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Engaging Online Learners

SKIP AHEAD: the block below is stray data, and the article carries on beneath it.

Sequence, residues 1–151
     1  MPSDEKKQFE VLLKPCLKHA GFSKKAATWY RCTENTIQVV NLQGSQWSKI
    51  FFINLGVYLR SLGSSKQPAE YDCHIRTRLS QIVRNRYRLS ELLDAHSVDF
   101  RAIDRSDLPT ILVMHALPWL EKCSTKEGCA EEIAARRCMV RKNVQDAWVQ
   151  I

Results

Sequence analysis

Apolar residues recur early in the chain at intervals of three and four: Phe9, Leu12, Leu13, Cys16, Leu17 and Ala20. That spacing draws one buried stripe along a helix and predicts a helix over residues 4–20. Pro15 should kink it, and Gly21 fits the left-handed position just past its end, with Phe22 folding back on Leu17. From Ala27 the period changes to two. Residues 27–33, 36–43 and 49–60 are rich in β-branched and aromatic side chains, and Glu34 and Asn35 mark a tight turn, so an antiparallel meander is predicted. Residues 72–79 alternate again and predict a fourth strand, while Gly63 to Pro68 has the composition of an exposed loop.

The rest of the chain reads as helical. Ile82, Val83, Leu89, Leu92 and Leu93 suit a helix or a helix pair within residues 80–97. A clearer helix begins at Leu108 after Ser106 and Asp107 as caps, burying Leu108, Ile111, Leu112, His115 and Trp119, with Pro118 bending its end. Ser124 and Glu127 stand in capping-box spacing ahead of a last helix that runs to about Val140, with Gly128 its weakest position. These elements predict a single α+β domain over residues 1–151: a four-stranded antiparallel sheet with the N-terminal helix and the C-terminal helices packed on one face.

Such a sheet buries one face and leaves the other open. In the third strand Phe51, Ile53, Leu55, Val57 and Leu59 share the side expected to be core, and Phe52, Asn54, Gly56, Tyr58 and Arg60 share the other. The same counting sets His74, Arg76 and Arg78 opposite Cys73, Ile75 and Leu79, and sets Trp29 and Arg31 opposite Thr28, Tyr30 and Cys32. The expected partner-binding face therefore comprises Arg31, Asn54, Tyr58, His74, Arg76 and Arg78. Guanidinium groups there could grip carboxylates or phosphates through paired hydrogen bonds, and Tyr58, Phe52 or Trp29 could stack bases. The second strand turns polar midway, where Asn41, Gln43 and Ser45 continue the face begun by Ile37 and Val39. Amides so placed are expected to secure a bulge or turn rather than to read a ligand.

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Engaging Online Learners: A Quantitative Study of Postsecondary Student Engagement in the Online Learning Environment Pu-Shih Daniel Chen University of North Texas Kevin R. Guidry Indiana University Bloomington Amber D. Lambert Indiana University Bloomington Please address all correspondence to: Pu-Shih Daniel Chen University of North Texas Department of Counseling and Higher Education 1155 Union Circle #310829 Denton, TX 76203 (940) 369-8062 [email protected] Paper presented at the Annual Meeting of the American Educational Research Association San Diego, April 13 – 17, 20092 Engaging Online Learners: A Quantitative Study of Postsecondary Student Engagement in the Online Learning Environment Pu-Shih Daniel Chen University of North Texas Kevin R. Guidry Indiana University Bloomington Amber D. Lambert Indiana University Bloomington Widespread use of the Web and other Internet technologies in postsecondary education has exploded in the last 10 years. Although a significant amount of literature exists on student engagement in traditional face-to-face environments, there is relatively little research into student engagement in the online learning environment. In 2008, the National Survey of Student Engagement (NSSE) developed a set of experimental questions to investigate the nature of student engagement in the online environment. Approximately 17,000 randomly selected first-year and senior college students at 45 baccalaureate degree-granting institutions responded to this set of questions. The researchers discuss the definition of student engagement for the online learning environment, the development of the NSSE online learning questions, findings, and implications for postsecondary education. The Internet and other digital technologies have become thoroughly integrated in the lives of today’s college student. A recent study by EDUCAUSE (2007) suggests that the vast majority of students at baccalaureate degree-granting institutions own and use their own computers. Online course management systems such as Blackboard, D2L, or Sakai are nearly ubiquitous on American colleges and universities and wireless Internet access permeates most college classrooms (Green, 2007). Outside the classroom, Internet connections are available in virtually all on-campus residence halls and online social networking websites like Facebook.com and MySpace.com are used by an estimated 79-95% of all American college students (Ellison, 2007). Most college freshmen now arrive on campus with their own personal computer, digital music player, cell phone, and other digital devices. As technology becomes a natural part of modern life, more and more college students opt to take online or hybrid courses using readily-available communication technologies. Moreover, many students expect instructors of traditional face-to-face classes to utilize the latest Internet technologies such as online course management systems and collaborative Internet technologies to enhance learning experience. The widespread adoption of digital technologies and online courses has caused many researchers to question the impact of online learning environment on student learning and engagement. The concept of student engagement is not new to educators. Research has shown that what students do during college counts more in terms of learning outcomes than who they are or even where they go to college (Kuh, 2004). In the Seven Principles for Good Practice in Undergraduate Education, Chickering and Gamson (1987) argued that good college education should promote student-faculty interaction, cooperation among students, active learning, prompt3 feedback, time on task, high expectations, and respect for diverse talents and ways of learning. Although Chickering and Gamson’s propositions were well received and later became the foundation of the current engagement movement in higher education, it is still largely unclear of how to operationalize these principles and measure their impacts in an online learning environment. Recent research suggests that there is a positive correlation between students’ use of computers and the Internet and self-reported gains in general education and personal and intellectual development (Nelson Laird & Kuh, 2004; Hu & Kuh, 2001; Kuh & Hu, 2001; Kuh & Vesper, 2001). Echoing Jenkins’s “participation gap” idea (2006), other research has suggested that characteristics such as socioeconomic status (Gladieux & Swail, 1999) and institutional resources (Hu & Kuh, 2001) play a significant role in students’ use of and the impact of computers and the Internet. Although the online learning environment is believed to have enhanced student learning, little empirical research exist to connect the dots between learning technologies and traditional notions of student engagement. This study investigates the nature of student engagement in the online learning environment to find out if the use of the Internet technology has an effect on student engagement. Specifically, the following research questions guide this study: 1. How often do college students in different types of courses use the Internet technologies for course-related tasks? 2. Do individual and institutional characteristics affect the likelihood of taking online courses? 3. Does the relative amount of technology employed in a course have a relationship with student engagement, learning approaches, and student self-reported learning outcomes? Methods The data for this study come from the 2008 administration of the National Survey of Student Engagement (NSSE). Since the inception of the NSSE in 2000, more than a million first-year students and seniors at more than 1,100 baccalaureate degree-granting colleges and universities have reported the time and energy that they devote to the educationally purposeful activities measured by the annual survey. Participating institutions use their student engagement results to identify areas where teaching and learning can be improved. NSSE results are positively correlated with such desired outcomes as critical thinking and grades (Carini, Kuh, & Klein, 2006; Kuh, 2004; Ouimet et al., 2004; Pike, 2006). The conceptual framework and psychometric properties of the NSSE and the development of NSSE scales have been amply documented (Kuh, 2004; Nelson Laird, Shoup, & Kuh, 2005). In 2008, researchers at NSSE developed a set of 13 experimental questions to investigate the nature of student